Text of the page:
I had felt a skin of regret at being compelled by party policy and the tidal whims of my constituency to vote against the private member’s bill tabled by David Beveridge, stemming as it did from the now-infamous arguments attributed to my former son-in-law, Ian Davey. Ian’s motives in marrying Sally had always been cloudy to me, forced as I was to acknowledge her lack of charm or beauty, but until the revelations I’d always felt a margin of gratefulness to him, tempered by concerns for his dynastic ambitions.
While Ian never sought the endorsement of the Tasmanian people, nor made inroads into my own convictions, Beveridge, the youngest member for Denison, so came under his sway as to table the bill that was to founder so spectacularly. I have searched my memories of dinner parties and summer barbecues, and I can’t recall facilitating the introduction; what’s important is that they crossed paths, and Beveridge was in the mood to make a difference.
The essence of Davey’s arguments centred on the economic and social benefits that had flowed from the Tasmanian innovation of daylight saving. Allowing for an extra hour of evening sunlight had minimised electricity usage and widening the evenings, bringing a little of the Mediterranean to our idiosyncratic local summers. Could this revolution, which had gone on to fiddle global clock faces, be applied to space as it had been to time?
How was the land to be moved? So scoffed a Braddon sinecure from my own side. Did Beveridge propose to up the ante on continental drift? Did he imagine the land would up and beg, roll over like a dachshund? Davey was quick to explain through his elected mouthpiece that just as daylight saving had not altered the movement of the Earth around the Sun or the planet’s rotation on its axis – merely our conventions relating to it – the same could be attempted with respect to our experience of space. Was the entire population of the state to be moved to the east, the west, the south or the north over the first weekend in October, the first weekend in April? Would this lead to seaboard populations sleeping in dinghies and those nestled in the mountain valleys breakfasting on the peaks of the Wellington Range? Yes, Beveridge intoned triumphantly in parliament, that’s exactly what he was proposing – he was delighted that the honourable members had understood.
Ian was insistent, that far from attempting to dry the southern winds or cool sweaty shoulders through the brief, unexpected heat of summer days – this was popular whimsy, incidental to his goals – he was advancing the proposal as a spur to the development and innovation. Imagine, he would say, a whole second layer of infrastructure. Consider the policy revolutions for zoning and land ownership, the redistribution of wealth, energy flexibility, housing design and material efficiencies. Think of the growth of the construction industry, of the community blending and growth in social capital, of the tourism branding. Who wouldn’t want to spend and invest in the new, overwritten Tasmania?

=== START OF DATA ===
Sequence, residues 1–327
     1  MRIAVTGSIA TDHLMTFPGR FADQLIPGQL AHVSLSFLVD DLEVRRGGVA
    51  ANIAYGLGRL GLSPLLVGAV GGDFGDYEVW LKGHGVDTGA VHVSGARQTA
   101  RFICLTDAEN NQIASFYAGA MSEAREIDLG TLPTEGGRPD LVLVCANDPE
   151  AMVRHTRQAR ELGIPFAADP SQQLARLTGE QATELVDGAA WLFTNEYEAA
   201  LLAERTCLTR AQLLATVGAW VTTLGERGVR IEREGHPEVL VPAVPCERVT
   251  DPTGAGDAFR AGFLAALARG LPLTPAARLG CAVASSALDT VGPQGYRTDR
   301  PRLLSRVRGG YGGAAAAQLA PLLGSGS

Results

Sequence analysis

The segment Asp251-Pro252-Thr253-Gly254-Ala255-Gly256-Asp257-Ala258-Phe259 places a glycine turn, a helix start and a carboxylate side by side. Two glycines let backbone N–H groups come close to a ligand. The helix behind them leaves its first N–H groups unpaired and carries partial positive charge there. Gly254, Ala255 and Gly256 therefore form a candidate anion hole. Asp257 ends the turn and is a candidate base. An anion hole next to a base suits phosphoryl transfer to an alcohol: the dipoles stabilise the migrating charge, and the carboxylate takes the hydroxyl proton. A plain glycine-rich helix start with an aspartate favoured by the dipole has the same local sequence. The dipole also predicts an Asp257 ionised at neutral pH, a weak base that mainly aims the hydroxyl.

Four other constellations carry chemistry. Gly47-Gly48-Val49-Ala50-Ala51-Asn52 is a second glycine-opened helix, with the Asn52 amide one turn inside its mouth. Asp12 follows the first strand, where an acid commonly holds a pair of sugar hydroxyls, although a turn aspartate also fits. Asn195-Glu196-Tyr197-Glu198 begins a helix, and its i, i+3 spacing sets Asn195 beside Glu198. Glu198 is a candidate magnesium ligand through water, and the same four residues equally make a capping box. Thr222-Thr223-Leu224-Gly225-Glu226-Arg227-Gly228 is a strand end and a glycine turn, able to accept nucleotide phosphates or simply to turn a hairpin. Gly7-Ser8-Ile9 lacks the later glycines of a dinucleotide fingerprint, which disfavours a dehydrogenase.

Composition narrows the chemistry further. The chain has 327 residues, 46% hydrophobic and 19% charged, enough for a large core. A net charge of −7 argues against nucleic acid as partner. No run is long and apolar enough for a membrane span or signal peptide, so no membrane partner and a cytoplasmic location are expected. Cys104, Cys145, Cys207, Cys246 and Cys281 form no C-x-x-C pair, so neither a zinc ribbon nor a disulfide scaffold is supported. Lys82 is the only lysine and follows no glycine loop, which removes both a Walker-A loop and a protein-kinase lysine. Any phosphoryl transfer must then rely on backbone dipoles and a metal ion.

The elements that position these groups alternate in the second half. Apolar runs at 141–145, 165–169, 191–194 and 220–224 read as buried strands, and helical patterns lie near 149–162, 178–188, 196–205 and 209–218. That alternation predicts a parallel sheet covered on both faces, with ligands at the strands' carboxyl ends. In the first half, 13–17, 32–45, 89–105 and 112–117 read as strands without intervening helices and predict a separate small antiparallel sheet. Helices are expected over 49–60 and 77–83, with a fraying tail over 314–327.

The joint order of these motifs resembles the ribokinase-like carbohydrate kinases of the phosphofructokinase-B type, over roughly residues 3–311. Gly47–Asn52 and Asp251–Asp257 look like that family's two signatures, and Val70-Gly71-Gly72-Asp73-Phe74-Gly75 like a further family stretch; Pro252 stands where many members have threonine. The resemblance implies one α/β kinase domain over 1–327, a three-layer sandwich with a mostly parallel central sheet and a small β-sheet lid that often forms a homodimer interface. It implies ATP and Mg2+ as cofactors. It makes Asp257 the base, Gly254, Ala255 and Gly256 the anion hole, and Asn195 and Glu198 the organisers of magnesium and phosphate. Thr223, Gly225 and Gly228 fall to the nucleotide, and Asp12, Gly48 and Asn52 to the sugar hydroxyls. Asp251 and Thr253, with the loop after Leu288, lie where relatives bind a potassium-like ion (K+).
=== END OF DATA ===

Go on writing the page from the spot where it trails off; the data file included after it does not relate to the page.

“Just think,” he would insist, “an entirely fresh start, but one that would co-exist with all that belongs to us today. It would be a model for us. An exemplar. If anyone can sway opinion on this, you can. Support David’s bill.”
The relationship we shared rendered any help I could have offered implicitly nepotistic; it certainly wouldn’t have done me any favours in the party room. Beveridge’s own side were unwilling to support the bill; it was obvious to insiders that he had fought and lost a series of unbalanced debates. When it came to the vote the proposal was predictably defeated. Beveridge resigned his membership of the party and was bundled out of parliament at the next election; the people of Tasmania taking its revenge on the wrong sort of independent.
But it was only when the national papers picked up the story that the matter took the turn that it did. Naturally, the analysis was as critical of the policy framework as the local tabloids, but their aptitude for digging led to the scandal that was to bring the family apart, and for which I am willing to share little responsibility. It had nothing to do with Beveridge, who had relocated to Melbourne to work in light consulting; it was my son-in-law who became the object of the nation’s ghoulish fascination.
It wasn’t that he had decided to embody his principles, moving five kilometres to the east at the beginning of every October, pacing out the exact distance and making a nuisance and object lesson of himself. Sleeping on the roof of an unfortunate retiree’s house, developing his status as an idiotic cause célèbre. Features on the more idle current affair shows, updates buried in the inner rings of newspapers. Nor did he radicalise an allied cause, swivelling day and night and altering the clocks by twelve hours. I was expecting something like this, a strident spectacle swiftly forgotten, a depressed, insomniac tendency justified after the fact by adaptations of his theory.